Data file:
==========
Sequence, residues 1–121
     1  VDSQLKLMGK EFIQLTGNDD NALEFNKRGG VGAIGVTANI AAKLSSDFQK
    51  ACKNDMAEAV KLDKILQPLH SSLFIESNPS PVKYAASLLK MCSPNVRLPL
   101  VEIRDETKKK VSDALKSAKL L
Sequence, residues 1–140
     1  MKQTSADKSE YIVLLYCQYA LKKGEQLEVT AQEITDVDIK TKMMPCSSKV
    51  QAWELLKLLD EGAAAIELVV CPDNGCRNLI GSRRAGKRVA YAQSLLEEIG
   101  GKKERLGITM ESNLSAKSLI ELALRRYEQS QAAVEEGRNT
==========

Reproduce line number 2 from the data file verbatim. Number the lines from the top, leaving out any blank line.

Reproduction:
     1  VDSQLKLMGK EFIQLTGNDD NALEFNKRGG VGAIGVTANI AAKLSSDFQK